Rarity’s ears twitched as she stopped the machine again. She had the unpleasant idea that the sounds reminded her of someone trying to sneak through a staircase when they thought they couldn’t be heard. Experimentally, she started the machine, watching her work as carefully as ever while her ears scanned the room for any sign of the sounds. The thread was dragged faster and faster through the twisting metal spines and wheels of the machine until it was nearly at full speed again. Rarity let out a breath she hadn’t realized she’d been holding in a satisfied sigh.

Chack. The machine spun to a halt and Rarity looked up sharply towards the kitchen. That was the sound of the basement door, she was sure of it. Frustration overriding apprehension, she strode to the back alcove and into the kitchen, frowning as she sought out the source of the sound. Sure enough, the basement door, coated with sickly gray paint that had faded and flaked with age, was hanging ajar by a few inches. It opened into the thick, impenetrable darkness of the cellar. With a roll of her eyes, she pushed it shut and rattled it briefly to make sure the latch had caught. Without another glance at it, Rarity walked back into the showroom and started up the sewing machine with an exasperated sigh.

Almost as soon as she had settled down, however, she felt tense and restless. The music and the clean, repetitive clatter of automated stitching echoed hollowly around her, unheard by anypony else, and yet she felt almost the same as when her mother would come around and just watch her work. She had never been able to stand it when ponies watched her work. It made her paranoid, as if every move she made was being judged for perfection before she had the chance to really make something shine. As a result, she would never show an unfinished piece to anyone if she could help it.

She held up another length of cloth and scrutinized it, but her attention kept wandering as her eyes moved to the record player or the back alcove. She looked around angrily, but no one was watching her; she was alone. Then, just as she felt she might be getting back into the groove, she heard the increasingly familiar sound of the basement latch popping open again, this time followed by the faint, creaking protest of the door’s hinges.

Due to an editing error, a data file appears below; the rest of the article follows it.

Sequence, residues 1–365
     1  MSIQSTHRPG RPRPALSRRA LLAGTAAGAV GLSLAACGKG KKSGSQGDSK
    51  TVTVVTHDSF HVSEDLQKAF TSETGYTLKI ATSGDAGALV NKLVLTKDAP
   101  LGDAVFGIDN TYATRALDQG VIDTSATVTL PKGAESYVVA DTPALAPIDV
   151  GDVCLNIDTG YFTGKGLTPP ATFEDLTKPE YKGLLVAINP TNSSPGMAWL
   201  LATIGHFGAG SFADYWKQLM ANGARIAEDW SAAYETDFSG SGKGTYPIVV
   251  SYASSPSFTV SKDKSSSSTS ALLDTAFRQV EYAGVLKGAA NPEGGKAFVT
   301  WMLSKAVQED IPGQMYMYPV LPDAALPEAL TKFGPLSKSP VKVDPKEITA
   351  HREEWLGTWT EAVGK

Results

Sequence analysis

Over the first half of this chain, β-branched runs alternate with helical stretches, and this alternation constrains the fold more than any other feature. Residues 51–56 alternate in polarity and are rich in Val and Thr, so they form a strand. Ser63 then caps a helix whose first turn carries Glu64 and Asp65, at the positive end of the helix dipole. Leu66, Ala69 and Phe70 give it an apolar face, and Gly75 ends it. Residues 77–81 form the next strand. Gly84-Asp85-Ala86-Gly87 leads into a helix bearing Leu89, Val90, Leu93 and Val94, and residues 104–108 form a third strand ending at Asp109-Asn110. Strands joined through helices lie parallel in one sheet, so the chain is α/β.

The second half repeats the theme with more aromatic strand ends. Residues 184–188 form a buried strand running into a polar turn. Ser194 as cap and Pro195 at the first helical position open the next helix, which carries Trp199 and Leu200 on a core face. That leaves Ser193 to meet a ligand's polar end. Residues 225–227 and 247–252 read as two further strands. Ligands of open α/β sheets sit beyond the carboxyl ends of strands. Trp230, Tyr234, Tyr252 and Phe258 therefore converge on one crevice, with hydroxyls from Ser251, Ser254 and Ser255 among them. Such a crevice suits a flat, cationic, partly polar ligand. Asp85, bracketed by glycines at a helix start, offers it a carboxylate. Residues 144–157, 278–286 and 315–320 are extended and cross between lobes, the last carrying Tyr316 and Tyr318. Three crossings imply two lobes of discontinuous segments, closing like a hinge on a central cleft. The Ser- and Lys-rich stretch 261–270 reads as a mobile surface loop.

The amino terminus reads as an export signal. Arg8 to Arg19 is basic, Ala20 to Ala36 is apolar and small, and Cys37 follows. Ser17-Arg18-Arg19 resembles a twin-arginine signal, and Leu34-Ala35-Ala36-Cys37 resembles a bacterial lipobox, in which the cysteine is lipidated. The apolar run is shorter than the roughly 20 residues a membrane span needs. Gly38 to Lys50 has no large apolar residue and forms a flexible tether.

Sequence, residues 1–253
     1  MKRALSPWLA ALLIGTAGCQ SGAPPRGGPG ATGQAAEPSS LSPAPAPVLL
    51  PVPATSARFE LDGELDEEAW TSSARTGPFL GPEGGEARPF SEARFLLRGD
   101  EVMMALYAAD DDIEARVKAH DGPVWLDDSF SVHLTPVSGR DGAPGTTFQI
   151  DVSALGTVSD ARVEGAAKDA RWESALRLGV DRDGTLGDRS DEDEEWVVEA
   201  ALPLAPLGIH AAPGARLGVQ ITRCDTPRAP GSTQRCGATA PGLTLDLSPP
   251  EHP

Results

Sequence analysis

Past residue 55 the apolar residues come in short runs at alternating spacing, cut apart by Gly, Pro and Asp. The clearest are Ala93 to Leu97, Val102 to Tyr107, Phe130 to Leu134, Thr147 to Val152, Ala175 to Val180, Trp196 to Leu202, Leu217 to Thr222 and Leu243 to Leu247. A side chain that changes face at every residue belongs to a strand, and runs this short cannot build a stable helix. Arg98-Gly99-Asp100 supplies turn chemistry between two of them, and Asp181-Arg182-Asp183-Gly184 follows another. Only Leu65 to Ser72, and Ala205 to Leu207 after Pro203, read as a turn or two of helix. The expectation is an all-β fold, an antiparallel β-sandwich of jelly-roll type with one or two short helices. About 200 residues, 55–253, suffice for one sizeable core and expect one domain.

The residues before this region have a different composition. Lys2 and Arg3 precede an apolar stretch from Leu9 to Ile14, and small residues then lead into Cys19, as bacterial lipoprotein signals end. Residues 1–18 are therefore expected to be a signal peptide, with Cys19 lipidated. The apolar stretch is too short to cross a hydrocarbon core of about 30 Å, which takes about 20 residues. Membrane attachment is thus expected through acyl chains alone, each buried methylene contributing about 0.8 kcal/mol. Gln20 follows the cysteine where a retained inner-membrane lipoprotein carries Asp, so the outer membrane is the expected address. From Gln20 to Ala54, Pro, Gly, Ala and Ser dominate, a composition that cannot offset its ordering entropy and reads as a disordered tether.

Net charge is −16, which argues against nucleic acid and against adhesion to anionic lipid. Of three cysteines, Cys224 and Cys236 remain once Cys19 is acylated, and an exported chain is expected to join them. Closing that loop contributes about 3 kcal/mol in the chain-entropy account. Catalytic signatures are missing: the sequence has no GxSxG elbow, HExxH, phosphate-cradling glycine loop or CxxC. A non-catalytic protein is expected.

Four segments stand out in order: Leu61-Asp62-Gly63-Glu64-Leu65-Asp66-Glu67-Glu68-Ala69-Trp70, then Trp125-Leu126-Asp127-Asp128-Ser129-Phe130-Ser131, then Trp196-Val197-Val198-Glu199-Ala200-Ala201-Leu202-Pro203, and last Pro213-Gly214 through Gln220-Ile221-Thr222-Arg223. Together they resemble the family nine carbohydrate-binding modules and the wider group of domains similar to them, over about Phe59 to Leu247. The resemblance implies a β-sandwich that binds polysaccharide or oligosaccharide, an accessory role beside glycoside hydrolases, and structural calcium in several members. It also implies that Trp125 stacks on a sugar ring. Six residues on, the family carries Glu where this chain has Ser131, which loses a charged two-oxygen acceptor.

With a frustrated groan, she threw the fabric down again and stepped away from the table. All the distractions had finally broken her momentum. If I can’t get the ball rolling on getting anything else redecorated, I’ll just have to find some other way to be productive.

She walked back into the kitchen with a huff and fixed her eyes on the basement door. It had drifted open wider this time. Several inches of the darkness behind it were now visible. Rarity’s frown deepened as her heartbeat quickened slightly. The sense of watchfulness seemed to intensify. She felt like something could be looking at her from just inside that doorway, and she was surprised at how deeply the thought was unsettling her. She walked carefully towards it, but nothing moved in the deep darkness behind it, not even when she lit her horn and pushed the smallest amount of extra light behind the door.

Then an idea occurred to her. I have been meaning to have a look at the artwork that got left behind. It was possible she might be able to use some of it to decorate the shop, and who knew, there might even be some old and rare prints hidden away down there. Though, that’s hardly likely in an old Ponyville public office, she thought as she swung the door fully open. The stairs fell away to the left and dissolved into thick, inky darkness. As she laid one hoof on the dry, naked boards, she felt a strange sensation of trespass, and she was reminded of when she had come home and found her door locked against her. There was nothing visibly amiss, and yet she still couldn’t shake the impression that there was something else present down where the light didn’t reach. It was a kind of heaviness in the air that gave her the sense that the darkness was not quite empty, and no amount of shadow could completely hide the anomaly.

The blue light of her horn snatched at the gas valve at the top of the stairs before the idea could drive her away. As the thin sigh of the gas became audible, she grimaced with effort as she switched from levitation to summoning a tiny snap of flame from nothing. The tiniest snick sounded in front of her as a brief flash of yellow and blue dazzled her eyes, but the darkness swallowed it an instant later. She grit her teeth and pushed harder. She grunted in frustration as another spark snapped and vanished without result. She was about to give up and grab the matches from the stove across the kitchen when a third spark finally caught the gas and a pale flame sprang to life.